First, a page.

i have 2 dogs and one in particular has grown up with the horses and now being 10 yrs old has heard horse commands over and over and now seems to respond to them.
i walk my dog with me when i am going to our post mail box down the road and i find myself using commands like whoa and over(like when asking for a leg yeild for i.e) and he seems to know what i am asking him.
even just for fun ,ask him to walk on,trot and canter,just to name a few
so does anyone else have dogs that respond to horse commands?
We have a Blue Heeler / Australian Shepher cross that will nip at (not bite) the heels of horses when we they are being difficult to load. It is surprisingly effective I assume because it is natural for both the dogs and horses. Anyway, the dog is self taught because a few times she noticed the horse wouldn't get in the trailer and we would kiss to it to try to get it in. She eventually figured out the kissing meant the horse needed to get into the trailer and she would heel it and it would get in. It works great so she now will heel on command if we kiss to her.
It gets a little awkward when she's in the arena though and you're kissing to the horse you're riding Luckily she listens as soon as you tell her no and I think she has finally figured out that she only needs to listen to the kissing noise when a trailer is involved.
The pretty universal ones my dog understands. "Turn" "Whoa" "Get back" ....she may not always COMPLY but she understands them.
My kids on the other hand......
They got to spend a day with me at the farm where I did my working student/apprenticeship. After watching a lot of round penning and ground work, they were being a little 'rambunctious'. "Ah Ah!" stopped them dead in their tracks.
For fun, we thought we'd try something. "Walk on." They started walking to me. "Whoa." They stopped and backed up two steps, like they'd been watching the horses do. I fell off the cooler I was sitting on I was laughing so hard.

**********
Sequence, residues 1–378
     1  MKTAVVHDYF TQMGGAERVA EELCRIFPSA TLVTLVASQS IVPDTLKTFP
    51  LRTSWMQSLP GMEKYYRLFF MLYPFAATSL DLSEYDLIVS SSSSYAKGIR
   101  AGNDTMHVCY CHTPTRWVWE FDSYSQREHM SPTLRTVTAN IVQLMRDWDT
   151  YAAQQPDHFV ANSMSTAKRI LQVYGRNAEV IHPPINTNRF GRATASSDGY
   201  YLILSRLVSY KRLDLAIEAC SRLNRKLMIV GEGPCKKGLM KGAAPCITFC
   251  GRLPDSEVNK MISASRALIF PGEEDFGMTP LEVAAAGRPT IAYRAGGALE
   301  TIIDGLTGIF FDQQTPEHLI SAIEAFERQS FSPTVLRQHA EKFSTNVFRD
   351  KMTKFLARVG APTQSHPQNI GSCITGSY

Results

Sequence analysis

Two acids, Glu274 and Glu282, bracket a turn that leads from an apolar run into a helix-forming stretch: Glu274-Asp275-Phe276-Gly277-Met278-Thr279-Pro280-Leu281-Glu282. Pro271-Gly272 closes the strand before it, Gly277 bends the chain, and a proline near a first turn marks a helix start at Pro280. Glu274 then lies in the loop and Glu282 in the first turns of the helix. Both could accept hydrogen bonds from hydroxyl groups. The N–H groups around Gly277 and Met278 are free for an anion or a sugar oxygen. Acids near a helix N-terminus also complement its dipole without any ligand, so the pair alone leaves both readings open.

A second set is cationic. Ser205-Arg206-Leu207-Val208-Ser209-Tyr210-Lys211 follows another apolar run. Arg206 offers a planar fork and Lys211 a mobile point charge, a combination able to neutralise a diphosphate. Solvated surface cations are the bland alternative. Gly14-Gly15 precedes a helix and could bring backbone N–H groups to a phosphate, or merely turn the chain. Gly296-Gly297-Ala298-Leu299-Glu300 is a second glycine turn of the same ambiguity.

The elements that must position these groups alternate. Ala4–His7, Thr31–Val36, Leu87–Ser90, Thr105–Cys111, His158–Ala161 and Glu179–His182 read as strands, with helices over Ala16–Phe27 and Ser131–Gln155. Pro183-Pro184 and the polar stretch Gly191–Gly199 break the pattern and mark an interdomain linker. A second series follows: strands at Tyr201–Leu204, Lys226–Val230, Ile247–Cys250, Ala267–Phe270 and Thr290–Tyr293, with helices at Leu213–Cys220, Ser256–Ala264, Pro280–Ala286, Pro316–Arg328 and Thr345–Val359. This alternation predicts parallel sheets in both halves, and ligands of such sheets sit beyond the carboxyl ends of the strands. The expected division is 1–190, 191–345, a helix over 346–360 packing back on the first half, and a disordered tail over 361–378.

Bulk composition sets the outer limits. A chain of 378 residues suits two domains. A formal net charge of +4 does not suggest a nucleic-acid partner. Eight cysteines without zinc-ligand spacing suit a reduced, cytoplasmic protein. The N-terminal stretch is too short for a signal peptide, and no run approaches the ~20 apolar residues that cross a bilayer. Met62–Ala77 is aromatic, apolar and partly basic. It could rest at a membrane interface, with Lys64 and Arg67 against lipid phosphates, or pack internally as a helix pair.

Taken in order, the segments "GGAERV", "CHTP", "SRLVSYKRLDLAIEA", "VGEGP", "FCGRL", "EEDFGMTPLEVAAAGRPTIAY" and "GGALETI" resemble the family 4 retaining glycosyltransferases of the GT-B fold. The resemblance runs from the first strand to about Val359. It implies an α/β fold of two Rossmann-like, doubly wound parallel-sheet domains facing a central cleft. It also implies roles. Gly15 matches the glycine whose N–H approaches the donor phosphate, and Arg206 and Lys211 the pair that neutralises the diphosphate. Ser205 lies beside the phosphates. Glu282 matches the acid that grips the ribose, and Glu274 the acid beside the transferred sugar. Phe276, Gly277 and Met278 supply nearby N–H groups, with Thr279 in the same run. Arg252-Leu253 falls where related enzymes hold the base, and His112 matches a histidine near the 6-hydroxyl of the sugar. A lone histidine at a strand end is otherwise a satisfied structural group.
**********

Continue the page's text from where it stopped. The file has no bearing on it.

Just this weekend I threatened to put my younger son in the round pen and 'learn him some manners' after my SO and I retrieved them from the 'fort' they were building in the big pasture. He ran into the round pen, began running around, changing directions and then stopped directly across from the gate and turned to face me squarely, before bending at the waist and doing his best 'lick and chew' imitation. "Like this mama? I learned my manners, can I come inside and have a soda now?"
I did OK holding in the laughs, until my SO said "No you may not, she didn't ask you for that whoa, walk on!"
Tried this with the dog once....she just leaves under the panels.
Owned by a Paint/TB and an OTTB.
RIP Scoutin' For Trouble ~ 2011 at 10
RIP Tasha's Last Tango ~ 2010 at ~23
RIP In Sha' Allah ~ 2009 too young at 5
My dad, a former Steamboat, CO cowboy, is now the proud owner of a conformationally-correct Chihuahua: meaning that pooch is teeny. There's a word right there horse and dog people use that means something else to everyone else: conformation.
Dad tells him "Whoa." Chi sinks his belly the remaining 3" to the ground and stays there. I always crack up at a Chihuahua being issued a horse command.
Other horsey commands me or other dog folks -espec sport competitors- use:
Horsey terms in dog agility (that can really confuse a non-horse person ):
jumping: fence, standards, wings, flower box, spread, vertical, approach, bascule, "deep" "flyer" "chip" etc, over-faced, jumpers course/round, in-gate out-gate, cavaletti, grids, and on and on...
Horsey terms general:
green, gait, stride, hock, round (movement) flat hollow, carriage, forehand, freestyle, and on and on...
Yep! my older BC listens to equine commands and my horses listen to canine ones - the "ah ah" caution that I use to get my dog back works really well on the mares when they are being just a little bit "naughty" - but also "WHOA!" when in full flight stops them and they come running back to me.
It was "fun" when I was riding my mare and my trainer called for a "right" turn - I didnt quite hear and said "RIGHT?" and the mare turned right. I was not asking for it and had a small "oops" moment. She is often grazed next to the paddock where I have my agility equipment and I do a lot of distance control training - "RIGHT" is my BC's command to turn right to or from a jump or on a cross-over etc. (Yes, "LEFT" means the other direction - and I have a command called "NO, THE OTHER LEFT/RIGHT" which has the agility judges in hysterics as my dog understands that she has gone the wrong way - often before she faults out.)
I think I might play with "lunging" them this weekend.
both my first dog who is now over the rainbow bridge and my current dog were raised in the barn. They both know; whoa, come, puurrrr, half halts, kiss/click to go quicker. My first dog was a BC and super quick and smart, my current dog is a mix and more..... independent.
(Yes, "LEFT" means the other direction - and I have a command called "NO, THE OTHER LEFT/RIGHT" which has the agility judges in hysterics as my dog understands that she has gone the wrong way - often before she faults out.)